View profile

Most people go to college close to home. What if there isn't one nearby?

More than one in two public-college students go to college within 50 miles of home. What does that me
August 9 · Issue #2 · View online
The Weekly Dispatch
More than one in two public-college students go to college within 50 miles of home. What does that mean for rural America? Plus, we’re working on a story about the steep loans some parents take on for their children’s college degrees.

Some thoughts about college and geography
Place shapes us. Who we are. What we stand for. What’s within reach. What’s far away.
Home towns, their good and their bad, are fundamental to identity. This is silly and superficial, maybe, but you can even see that in things like what Scott and I have long chosen as our profile pics on Slack. His is a logo for the Garden State Parkway, mine an old marketing slogan for Fort Wayne, Ind.: “Room for Dreams.” Where we’re from has a lasting impact.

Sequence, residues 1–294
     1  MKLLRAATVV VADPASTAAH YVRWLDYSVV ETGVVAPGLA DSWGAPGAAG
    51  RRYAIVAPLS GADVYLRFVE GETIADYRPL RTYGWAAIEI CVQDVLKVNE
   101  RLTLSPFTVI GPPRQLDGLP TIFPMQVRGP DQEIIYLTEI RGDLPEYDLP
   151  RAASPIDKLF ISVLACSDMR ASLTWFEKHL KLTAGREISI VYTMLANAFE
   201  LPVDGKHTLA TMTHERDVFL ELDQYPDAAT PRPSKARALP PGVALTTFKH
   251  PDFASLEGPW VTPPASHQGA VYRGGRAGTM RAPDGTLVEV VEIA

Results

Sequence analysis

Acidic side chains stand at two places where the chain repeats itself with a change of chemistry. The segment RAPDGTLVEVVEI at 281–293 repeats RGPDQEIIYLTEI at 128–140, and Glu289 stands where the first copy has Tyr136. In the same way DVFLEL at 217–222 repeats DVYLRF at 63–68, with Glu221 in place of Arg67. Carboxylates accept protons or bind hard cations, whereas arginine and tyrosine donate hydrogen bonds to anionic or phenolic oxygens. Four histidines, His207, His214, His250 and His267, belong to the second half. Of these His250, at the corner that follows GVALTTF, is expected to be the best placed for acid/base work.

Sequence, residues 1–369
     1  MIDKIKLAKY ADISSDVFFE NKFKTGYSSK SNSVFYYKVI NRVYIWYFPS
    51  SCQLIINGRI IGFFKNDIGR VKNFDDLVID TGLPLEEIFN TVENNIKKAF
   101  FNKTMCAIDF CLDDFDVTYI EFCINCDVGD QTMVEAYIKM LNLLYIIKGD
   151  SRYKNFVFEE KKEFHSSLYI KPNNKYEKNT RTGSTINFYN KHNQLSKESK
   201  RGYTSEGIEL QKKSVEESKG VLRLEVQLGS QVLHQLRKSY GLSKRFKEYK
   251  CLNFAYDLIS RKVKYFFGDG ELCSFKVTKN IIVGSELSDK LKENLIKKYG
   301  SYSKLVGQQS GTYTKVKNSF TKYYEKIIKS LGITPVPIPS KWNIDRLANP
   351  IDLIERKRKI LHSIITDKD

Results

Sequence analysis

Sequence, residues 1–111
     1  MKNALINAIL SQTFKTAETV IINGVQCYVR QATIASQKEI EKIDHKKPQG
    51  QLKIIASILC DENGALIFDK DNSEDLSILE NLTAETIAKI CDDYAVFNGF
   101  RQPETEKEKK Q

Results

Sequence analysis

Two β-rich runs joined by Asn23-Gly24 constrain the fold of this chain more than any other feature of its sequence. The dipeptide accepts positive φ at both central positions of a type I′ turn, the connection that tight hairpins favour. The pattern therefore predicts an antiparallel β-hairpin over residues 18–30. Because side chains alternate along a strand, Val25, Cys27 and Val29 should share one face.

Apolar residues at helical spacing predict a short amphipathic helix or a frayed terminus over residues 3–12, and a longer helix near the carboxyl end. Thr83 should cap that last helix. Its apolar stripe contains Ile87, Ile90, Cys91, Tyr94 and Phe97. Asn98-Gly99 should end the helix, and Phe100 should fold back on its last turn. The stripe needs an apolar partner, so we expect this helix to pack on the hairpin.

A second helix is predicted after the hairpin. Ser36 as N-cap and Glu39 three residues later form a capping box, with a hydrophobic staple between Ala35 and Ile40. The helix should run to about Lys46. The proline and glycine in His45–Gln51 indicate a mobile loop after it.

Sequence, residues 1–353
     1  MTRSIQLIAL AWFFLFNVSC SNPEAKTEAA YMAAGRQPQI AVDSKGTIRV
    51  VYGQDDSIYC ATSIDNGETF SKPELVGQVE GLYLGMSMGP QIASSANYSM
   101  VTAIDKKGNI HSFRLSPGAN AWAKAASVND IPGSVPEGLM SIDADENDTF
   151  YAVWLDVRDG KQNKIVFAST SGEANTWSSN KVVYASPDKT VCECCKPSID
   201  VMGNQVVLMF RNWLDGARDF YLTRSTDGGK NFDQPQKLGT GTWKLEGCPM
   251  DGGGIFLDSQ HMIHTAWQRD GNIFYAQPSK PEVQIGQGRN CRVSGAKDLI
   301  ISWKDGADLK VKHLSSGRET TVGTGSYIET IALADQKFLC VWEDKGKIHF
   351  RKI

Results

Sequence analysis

We’ve been thinking a lot about the importance of place as we build Open Campus and as we get ready for our road trip. (If you missed our first newsletter, we’re hitting the road later this month to talk with Americans about their relationships with college.)
We often talk about college decisions from the perspective of middle- and upper-income students who see it as a national market. But for most Americans, it doesn’t work that way. 
Two out of three undergraduates enroll at a campus within 25 miles of home, according to a recent report by Nick Hillman, an associate professor at the University of Wisconsin. (He’s talking about students at both two- and four-year colleges. Narrow the parameters and the number is still really stark. More than half of students at public four-year colleges grew up less than 50 miles away.)
Simply having a college nearby is associated with high levels of postsecondary enrollment, he noted in another study. And the farther a student lives from a college, the less likely he or she is to enroll.
Remoteness creates challenge. Just 14 percent of the nation’s colleges are in rural counties, according to a recent report by Colleen Campbell at the Center for American Progress. Only 8 percent of bachelor’s-degree holders live there.